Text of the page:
And pay off more of your mortgage at the same time!
Do you have the wrong kind of debt?
“What’s the wrong kind of debt?” you ask. It’s debt that’s not tax deductible! Unfortunately, that’s the kind that most of us have. Even the wealthy have debt, but the difference is they routinely turn their loans into good debt by making the interest tax deductible. They do this with the help of an array of expensive accountants and lawyers.
So while the wealthy are transforming their house mortgage loans into free tax refunds, what are the rest of us doing? We’re paying off huge amounts of mortgage interest with after-tax income and not getting any wealthier in the process.
I’m guessing that you’re thinking, “That stinks, but what can I possibly do about it? After all, it’s just the way it is, the rich just keep getting richer!” Don’t despair—there is hope. There does exist a simple, yet powerful method that extends those tax-saving benefits to the rest of us. In fact, it’s so easy to use that you and your financial planner can start turning your bad debt into good debt almost instantly!
Are you investing enough?
I’m sorry I asked! I know that you’re probably like most Canadians, who simply aren’t! After never-ending taxes and the cost of just trying to make ends meet, most of us don’t have the leftover cash today to put away at least 10% of our income, or even come close to maxing out our RRSPs every year.
The benefits of compound interest are immense. It’s essential to our long-term financial well-being, yet it remains out of reach for most. Once again, there is a way to change that. It’s done by converting mortgage interest into tax refunds. I don’t know about you, but for me, that sounds like hitting the jackpot in Vegas every time that I play! It dramatically improves your cash flow; in turn, that cash flow can be further used to build more wealth. It’s an incredibly amazing way for you and your family to receive large amounts of new money, through free tax refunds. Isn’t it about time that you got something back from the tax department?
Let’s take a real life example of what this looks like:
Frank’s existing mortgage has a balance of $300,000 at a rate of 2.99% over a 25-year amortization. Payments are $1,418 per month. Frank hasn’t put any money into his RRSP for years, so the cumulative room available is $35,000. We’ll take a typical marginal tax rate of 30% (simply put, 30 cents of every dollar earned goes to taxes).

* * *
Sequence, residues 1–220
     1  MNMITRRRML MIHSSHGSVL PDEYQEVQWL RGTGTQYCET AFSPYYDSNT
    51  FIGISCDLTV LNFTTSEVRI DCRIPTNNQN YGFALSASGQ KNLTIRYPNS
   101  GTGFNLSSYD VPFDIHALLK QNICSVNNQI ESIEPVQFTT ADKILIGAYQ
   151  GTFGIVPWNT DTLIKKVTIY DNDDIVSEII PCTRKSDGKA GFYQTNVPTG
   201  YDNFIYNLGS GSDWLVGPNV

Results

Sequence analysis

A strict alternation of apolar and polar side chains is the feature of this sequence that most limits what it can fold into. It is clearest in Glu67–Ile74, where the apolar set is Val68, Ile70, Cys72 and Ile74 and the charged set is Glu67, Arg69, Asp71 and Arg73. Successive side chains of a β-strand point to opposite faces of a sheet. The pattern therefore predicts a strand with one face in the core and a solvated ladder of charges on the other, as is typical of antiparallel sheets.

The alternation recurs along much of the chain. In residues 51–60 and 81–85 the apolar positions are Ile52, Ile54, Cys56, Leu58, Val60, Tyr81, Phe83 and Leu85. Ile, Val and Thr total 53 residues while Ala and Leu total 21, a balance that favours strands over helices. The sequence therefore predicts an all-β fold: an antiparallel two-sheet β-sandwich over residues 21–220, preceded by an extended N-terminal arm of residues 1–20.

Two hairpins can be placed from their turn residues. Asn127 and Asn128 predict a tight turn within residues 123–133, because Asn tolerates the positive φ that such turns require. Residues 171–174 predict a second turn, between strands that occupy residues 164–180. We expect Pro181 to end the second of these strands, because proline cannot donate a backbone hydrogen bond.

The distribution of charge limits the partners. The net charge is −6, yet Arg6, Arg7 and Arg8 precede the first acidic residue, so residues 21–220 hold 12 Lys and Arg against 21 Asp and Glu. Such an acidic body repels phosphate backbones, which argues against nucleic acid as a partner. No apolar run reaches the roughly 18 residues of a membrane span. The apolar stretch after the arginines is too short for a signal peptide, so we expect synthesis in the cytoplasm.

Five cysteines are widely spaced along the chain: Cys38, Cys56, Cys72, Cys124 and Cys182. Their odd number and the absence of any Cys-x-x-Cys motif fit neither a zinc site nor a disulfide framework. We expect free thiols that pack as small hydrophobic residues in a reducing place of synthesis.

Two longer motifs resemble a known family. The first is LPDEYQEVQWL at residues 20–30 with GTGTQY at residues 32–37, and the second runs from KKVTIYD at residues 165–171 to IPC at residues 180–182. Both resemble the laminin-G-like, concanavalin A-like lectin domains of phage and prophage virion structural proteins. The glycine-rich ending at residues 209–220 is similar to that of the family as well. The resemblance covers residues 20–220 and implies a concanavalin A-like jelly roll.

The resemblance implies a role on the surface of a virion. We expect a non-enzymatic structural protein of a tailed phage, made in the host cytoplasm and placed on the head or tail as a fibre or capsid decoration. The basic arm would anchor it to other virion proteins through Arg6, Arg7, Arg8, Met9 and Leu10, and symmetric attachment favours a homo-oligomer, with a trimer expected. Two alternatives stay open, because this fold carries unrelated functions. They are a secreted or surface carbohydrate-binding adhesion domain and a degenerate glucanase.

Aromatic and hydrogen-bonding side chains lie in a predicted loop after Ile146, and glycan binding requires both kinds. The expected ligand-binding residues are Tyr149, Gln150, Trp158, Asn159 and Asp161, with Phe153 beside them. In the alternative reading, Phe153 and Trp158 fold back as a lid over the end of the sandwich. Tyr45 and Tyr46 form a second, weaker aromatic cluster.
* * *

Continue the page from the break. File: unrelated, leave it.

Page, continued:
If Frank were to refinance his existing mortgage to $335,000 and stay with a 25-year amortization, using a fixed 5 year rate of 2.69% his payments would be $1,532 – so payments increase by $114 per month.
However, using that same 30% tax rate, a $35,000 contribution into Frank’s RRSP would result in an income tax refund of approximately $10,500!
Now Frank would have a few options. He could put that $10,500 directly against his mortgage or some outstanding debt; he could save it for next year’s RRSP contribution; he could use it for some renovations; or he could invest it.
Now I know some of you are saying, “Kam, he just increased his payments by $114 per month.” That’s true, and if Frank were simply to stick that refund under a mattress, at the end of 25 years he would essentially pay an additional $34,200 ($114 X 12 months X 25 years) in mortgage interest. However, if that’s all he did, he would still have $35,000 in his RRSP and, even if the value of that investment didn’t increase, plus the $10,500 under his mattress, that’s $45,500—still $11,300 more in his pocket than what he would otherwise have!
Isn’t it about time that you started paying less to CRA, and more towards your mortgage? If you’re ready to save money and become mortgage-free sooner, then it’s time to give our team a call and start down the road to prosperity!
Auxilium means to care, aid, assist, and support.
We look forward to helping you with your mortgage needs.
or call 250-590-6520 (Toll-free 1-855-590-6520) to speak with a mortgage planner. We’re open 8:30 a.m. – 5:00 p.m. PT, from Monday to Friday.